The Gerontology Research Collaborative (GRC) is a group of researchers from the University of California San Diego and other institutions in the area (e.g., Sanford Burnham Prebys, Salk, SDSU) who are doing work in gerontology and who wish to exchange ideas for collaborations, create working groups surrounding research themes (e.g., physical activity, biomarkers of aging, disparities, cognition, epidemiology, technology), and to host events for the broader San Diego region. We intend to be as inclusive as possible, bringing together researchers with a variety of backgrounds including basic science, translational research, clinical practice, mental health, public health, and related disciplines.
As a part of this group, we hold a monthly GRC seminar series to highlight local gerontology research. Formats vary from seminars by local faculty, short talks from early–stage investigators (postdocs, fellows and students), and invited presentations by leading gerontologists. We regularly distribute our newsletter informing our community about research opportunities, publications and local events. Career development and training pertaining to gerontology research will also be provided as our group develops.
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GRC Journal Club
We are proud to announce the formation of a monthly journal club as a part of our Gerontology Research Collaborative. The journal club will be held every fourth Thursday of the month.
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The next GRC Seminar will be on Thursday, October 14, at 4:00 pm.*
Topic: "Alcohol use in adults and its impact on health"
Presented by: Alison Moore, MD MPH - Professor and Chief, UCSD Division Geriatrics, Gerontology & Palliative Care
Description: Dr. Moore will discuss this topic in a format that is interactive and finish with a short discussion of some of her work to reduce unhealthy alcohol use.
Background: Dr. Alison A. Moore, MD, MPH, FACP, AGSF is Professor and Chief of the UC San Diego Division of Geriatrics, Gerontology and Palliative Care, and Vice Chair of Justice, Equity, Diversity and Inclusion in the Department of Medicine. She holds the Larry L. Hillblom Chair in Geriatric Medicine. She is a geriatrician who provides primary and consultative care to older adults and is part of the UCSD team who received the first in San Diego, Age-Friendly Health Systems Committed to Care Excellence designation from the Institute for Healthcare Improvement. Dr. Moore is committed to mentorship and, in 2019, she was awarded the UC San Diego Health Sciences Faculty Excellence in Mentoring Award. She is also a public health scientist whose research has addressed a) alcohol and other substance use in diverse populations and b) technology to serve the needs of older adults. She is Co-Principal Investigator of an NIA-funded UCSD/SDSU Alzheimer’s Disease Resource Center for Minority Aging Research, Co-Director of the UCSD Medical Student Training in Aging Research (MSTAR) Program, and Co-Director of an NIA-funded pre-and post-doctoral training program focused on older men and women. She is a member of the Board of Directors of the American Geriatrics Society.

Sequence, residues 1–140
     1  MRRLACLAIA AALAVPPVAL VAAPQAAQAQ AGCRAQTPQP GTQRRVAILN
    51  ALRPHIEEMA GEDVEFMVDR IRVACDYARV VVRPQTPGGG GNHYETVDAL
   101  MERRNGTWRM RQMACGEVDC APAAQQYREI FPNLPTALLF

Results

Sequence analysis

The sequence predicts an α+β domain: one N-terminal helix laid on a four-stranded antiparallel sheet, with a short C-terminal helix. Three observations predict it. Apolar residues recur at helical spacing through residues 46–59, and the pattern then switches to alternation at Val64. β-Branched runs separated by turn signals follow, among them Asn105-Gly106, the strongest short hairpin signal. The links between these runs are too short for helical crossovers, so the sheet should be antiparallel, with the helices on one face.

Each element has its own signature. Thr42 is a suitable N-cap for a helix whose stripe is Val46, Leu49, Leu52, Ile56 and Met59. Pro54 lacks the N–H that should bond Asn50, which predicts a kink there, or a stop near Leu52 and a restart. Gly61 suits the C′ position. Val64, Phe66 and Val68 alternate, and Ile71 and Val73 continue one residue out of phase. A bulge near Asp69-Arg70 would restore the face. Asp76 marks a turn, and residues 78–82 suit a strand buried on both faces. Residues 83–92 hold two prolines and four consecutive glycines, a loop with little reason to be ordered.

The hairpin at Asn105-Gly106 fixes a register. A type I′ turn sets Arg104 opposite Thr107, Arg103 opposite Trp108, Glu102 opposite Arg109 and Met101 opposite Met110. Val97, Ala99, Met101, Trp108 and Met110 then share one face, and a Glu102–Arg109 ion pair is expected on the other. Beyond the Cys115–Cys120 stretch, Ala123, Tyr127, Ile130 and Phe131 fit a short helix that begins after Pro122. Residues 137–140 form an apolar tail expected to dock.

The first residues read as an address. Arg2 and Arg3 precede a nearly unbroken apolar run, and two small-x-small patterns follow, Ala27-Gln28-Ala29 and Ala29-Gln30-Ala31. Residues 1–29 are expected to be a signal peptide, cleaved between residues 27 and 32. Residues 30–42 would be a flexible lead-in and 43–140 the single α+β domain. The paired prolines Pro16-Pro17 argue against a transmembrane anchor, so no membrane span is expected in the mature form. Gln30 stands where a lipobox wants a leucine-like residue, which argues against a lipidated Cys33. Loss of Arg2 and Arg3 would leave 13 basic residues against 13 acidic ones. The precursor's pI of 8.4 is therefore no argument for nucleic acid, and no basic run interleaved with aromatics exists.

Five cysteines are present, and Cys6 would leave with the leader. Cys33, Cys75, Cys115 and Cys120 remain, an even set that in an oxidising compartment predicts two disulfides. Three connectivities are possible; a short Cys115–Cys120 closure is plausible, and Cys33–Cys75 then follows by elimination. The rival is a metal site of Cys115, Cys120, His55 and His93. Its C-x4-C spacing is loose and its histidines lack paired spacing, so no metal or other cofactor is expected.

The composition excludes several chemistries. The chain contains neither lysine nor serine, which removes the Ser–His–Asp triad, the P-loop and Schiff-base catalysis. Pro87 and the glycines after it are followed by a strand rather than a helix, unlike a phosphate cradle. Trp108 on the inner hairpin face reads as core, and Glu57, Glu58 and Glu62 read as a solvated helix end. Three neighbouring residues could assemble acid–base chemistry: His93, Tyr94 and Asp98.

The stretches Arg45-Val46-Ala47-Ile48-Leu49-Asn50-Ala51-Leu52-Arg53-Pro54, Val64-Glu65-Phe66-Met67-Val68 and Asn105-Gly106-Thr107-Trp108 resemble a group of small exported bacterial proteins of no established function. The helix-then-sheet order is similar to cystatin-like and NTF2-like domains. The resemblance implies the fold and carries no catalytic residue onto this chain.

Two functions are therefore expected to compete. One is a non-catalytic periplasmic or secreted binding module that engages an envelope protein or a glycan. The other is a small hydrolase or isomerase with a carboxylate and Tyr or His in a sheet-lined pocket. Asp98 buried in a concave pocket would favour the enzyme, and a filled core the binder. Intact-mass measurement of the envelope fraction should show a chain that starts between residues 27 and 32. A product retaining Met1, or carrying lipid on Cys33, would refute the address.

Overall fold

Dr. Moore graduated from Tulane University Schools of Medicine and Public Health and Tropical Medicine with a combined MD/MPH, completed her residency in general internal medicine at Rhode Island Hospital/Brown University, a geriatric medicine fellowship at the VA-UCLA Multicampus Program in Geriatric Medicine and Gerontology and a health services research fellowship at the UCLA Robert Wood Johnson Clinical Scholars Program. She then joined the faculty at UCLA until being recruited to UC San Diego in 2016.
*In light of the COVID-19 pandemic, we have moved Gerontology Research collaborative Series to an entirely virtual webinar format. Please contact email@example.com for log-in information.
We were fortunate to have hosted the following speakers at the GRC series:
Feb 11, 2021Topic: "The dynamic epigenome - challenges and opportunities for healthy aging"
Peter Adams, Ph.D. Professor at Sanford Burnham Prebys Medical Discovery Institute
Description: Dr. Adams discuseds how the dynamic/plastic epigenome is prone to change through aging in ways that are detrimental to healthy aging and longevity. However, a better understanding of this can provide targets for healthy interventions. Specific interests include: DNA methylation clocks, cell senescence, cytoplasmic chromatin - proinflammatory signaling, role of aging in predisposition to cancer, and “chromostasis” (chromatin homeostasis as a presumptive mechanism for healthy aging).
Topic: “Hormetic heat stress induces autophagy to promote longevity and proteostasis in C. elegans”
Caroline Kumsta, Ph.D. - Research Assistant Professor - Program of Development, Aging and Regeneration
Sanford Burnham Prebys Medical Discovery Institute
Hormetic stress leads to organismal benefits, including longevity, in many organisms, but the underlying mechanisms are not well understood. Recent work by me and others suggests that mild heat stress can induce the cellular recycling process of autophagy and that autophagic activity is required for the alleviation of age-dependent protein aggregation. Since autophagy and stress-response hormesis are evolutionarily conserved, the investigation of how hormetic stress regulates autophagy is relevant to human health and may prove important for developing strategies to protect against human age-related diseases.
Topic: "Biological and Psychosocial Aging in Schizophrenia and Healthy Aging Cohorts: Studies of Sleep, Inflammation, and Loneliness"